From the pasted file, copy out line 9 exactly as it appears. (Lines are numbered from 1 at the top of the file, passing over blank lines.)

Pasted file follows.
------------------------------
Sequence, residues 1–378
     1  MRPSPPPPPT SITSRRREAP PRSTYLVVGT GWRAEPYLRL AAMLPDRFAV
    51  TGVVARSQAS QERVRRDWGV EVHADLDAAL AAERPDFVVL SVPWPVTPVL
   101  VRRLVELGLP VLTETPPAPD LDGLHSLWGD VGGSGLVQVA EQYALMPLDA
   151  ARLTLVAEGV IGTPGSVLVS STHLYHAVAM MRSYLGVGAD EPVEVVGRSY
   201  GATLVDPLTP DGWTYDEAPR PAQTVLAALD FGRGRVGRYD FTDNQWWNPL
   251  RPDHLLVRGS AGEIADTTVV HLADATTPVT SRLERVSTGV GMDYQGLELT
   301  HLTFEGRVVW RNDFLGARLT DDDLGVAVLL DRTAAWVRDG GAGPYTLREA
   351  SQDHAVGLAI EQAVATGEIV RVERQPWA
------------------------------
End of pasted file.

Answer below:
   351  SQDHAVGLAI EQAVATGEIV RVERQPWA